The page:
Before we look at the assertions of the parties and the decisions, it is important to understand the relevant legal framework in the event of a case. An “agreement” is defined in 2 (b) as a common agreement, agreement or act. Under section 2 (l), “person” includes, among others, individuals, associations of persons, whether registered or not, a legal person or a business, etc. Section 3 imposes an embargo on a person, undertaking or its respective associations to enter into agreements on the production, supply, distribution, storage, acquisition or control of goods or the provision of services; which will or are likely to appreciably affect competition in India. Specifically, Article 3(1) prohibits anti-competitive agreements which are considered inconclusive under Article 3(2). Point (b) of Section 3(3) provides that any agreement limiting or controlling the production, supply, market, technical development, investment or provision of services shall be anti-competitive. Section 19(1) allows the ICC to examine such agreements on the basis of the factors referred to in point 19(3), which are, inter alia, agreements that create barriers to new entrants or exclude competition by creating barriers to market entry. Article 19(6) lists the factors for determining the relevant geographic market, while Section 19(7) lists the factors for determining the relevant product market. While Article 3 of the Competition Act deals with anti-competitive practices, Article 4 refers to abuse of a dominant position. The Minister replied to a question as to whether CCI had received complaints about unfair competition and the monopoly of mobile operators against certain private mobile operators. On 7 March 2017, the Supreme Court (SC) issued an important judgment in Competition Commission of India vs.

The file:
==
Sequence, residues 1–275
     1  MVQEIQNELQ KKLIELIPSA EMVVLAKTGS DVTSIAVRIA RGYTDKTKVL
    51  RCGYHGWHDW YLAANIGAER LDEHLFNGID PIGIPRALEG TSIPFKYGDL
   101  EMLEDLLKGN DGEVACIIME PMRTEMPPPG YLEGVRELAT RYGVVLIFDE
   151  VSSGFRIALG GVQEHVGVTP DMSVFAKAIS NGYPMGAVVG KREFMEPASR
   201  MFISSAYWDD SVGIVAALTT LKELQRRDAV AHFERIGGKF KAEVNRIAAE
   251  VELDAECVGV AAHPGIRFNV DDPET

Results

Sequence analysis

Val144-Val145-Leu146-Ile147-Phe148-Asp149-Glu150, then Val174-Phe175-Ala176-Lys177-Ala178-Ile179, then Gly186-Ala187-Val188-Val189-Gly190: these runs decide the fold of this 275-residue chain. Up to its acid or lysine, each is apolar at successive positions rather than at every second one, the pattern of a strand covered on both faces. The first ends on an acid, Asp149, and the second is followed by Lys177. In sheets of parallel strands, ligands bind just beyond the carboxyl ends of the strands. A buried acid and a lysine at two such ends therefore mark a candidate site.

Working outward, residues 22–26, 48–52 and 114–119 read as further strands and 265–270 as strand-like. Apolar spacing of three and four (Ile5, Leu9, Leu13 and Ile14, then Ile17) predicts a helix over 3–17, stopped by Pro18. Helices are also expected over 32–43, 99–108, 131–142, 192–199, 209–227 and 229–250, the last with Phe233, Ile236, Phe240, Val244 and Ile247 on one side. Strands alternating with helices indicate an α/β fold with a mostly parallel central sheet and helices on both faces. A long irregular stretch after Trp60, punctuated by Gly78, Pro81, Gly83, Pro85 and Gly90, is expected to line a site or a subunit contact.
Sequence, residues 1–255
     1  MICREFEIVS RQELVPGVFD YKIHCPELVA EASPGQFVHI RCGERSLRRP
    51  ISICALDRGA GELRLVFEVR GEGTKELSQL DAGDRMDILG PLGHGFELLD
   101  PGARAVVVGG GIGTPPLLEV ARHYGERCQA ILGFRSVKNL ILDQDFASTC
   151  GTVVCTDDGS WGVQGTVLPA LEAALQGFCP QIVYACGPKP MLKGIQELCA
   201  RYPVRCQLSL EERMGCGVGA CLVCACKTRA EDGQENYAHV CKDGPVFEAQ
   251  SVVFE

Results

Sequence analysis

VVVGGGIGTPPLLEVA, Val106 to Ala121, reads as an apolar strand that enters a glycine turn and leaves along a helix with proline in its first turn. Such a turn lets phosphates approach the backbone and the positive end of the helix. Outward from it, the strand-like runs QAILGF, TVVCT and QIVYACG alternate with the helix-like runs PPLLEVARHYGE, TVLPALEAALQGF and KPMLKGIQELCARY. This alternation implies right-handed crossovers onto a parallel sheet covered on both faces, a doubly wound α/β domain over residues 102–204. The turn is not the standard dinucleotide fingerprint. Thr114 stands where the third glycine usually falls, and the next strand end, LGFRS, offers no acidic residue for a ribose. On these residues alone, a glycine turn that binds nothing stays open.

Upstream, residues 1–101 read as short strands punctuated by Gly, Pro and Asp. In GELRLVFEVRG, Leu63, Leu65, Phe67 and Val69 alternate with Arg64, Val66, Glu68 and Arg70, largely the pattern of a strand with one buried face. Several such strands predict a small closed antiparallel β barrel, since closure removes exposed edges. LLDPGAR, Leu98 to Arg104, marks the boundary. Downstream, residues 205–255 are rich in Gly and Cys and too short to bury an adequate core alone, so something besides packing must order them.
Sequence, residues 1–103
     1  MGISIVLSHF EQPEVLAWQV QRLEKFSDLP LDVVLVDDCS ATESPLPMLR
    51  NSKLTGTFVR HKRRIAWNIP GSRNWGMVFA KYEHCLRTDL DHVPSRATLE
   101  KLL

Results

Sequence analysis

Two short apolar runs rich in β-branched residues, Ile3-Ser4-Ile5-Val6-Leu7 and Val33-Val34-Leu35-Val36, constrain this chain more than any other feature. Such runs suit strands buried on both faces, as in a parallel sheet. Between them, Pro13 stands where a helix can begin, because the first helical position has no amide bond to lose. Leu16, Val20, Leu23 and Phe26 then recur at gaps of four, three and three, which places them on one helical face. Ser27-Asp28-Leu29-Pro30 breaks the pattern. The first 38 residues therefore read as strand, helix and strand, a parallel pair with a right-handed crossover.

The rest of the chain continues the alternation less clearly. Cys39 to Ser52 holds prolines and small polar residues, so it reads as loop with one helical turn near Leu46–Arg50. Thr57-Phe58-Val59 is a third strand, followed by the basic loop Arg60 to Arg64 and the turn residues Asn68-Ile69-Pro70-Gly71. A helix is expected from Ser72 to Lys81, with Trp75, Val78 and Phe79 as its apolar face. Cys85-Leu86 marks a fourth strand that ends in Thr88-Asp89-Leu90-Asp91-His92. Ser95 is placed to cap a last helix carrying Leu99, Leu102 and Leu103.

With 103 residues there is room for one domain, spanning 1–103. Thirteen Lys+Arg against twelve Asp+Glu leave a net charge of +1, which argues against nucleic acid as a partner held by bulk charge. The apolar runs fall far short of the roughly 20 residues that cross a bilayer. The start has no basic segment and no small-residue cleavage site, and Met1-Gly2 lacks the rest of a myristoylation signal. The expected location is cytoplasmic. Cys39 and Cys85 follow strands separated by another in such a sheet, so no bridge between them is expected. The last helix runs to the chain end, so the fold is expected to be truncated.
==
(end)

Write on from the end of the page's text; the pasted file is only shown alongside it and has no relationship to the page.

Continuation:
Co-ordination Committee of Artists and Technicians of W.B Film and Television and Ors.1. described below, the Competition Act 2002 (“Act”). It found that, in the analysis of anti-competitive agreements, the first most important aspect to be determined is the relevant market2. Pending the opinion of that judgment, as soon as an agreement is concluded in one of the four categories of Article 3(3)(3), it was therefore considered that they were appreciably harmful to competition, without any further evidence being necessary. The judgment increased the CCI`s burden of proof in defining the relevant market, which is not only difficult to determine, but also has an element of subjectivity in its destination. Section 3(5) of the Competition Act provides that nothing in Section 3 (Prohibition of Anti-Competitive Agreements) limits a person`s right to prevent infringements or the imposition of appropriate conditions that may be necessary to protect his or her intellectual property rights, namely copyright, trademark, patent, design and geographical indications. 4.2 Applicability of Section 3: The ICC argued that the definition of agreement in Section 2(b) had a broad connotation and that any anti-competitive agreement between persons or associations of persons in Section 3(3)(b) was concerned. . .

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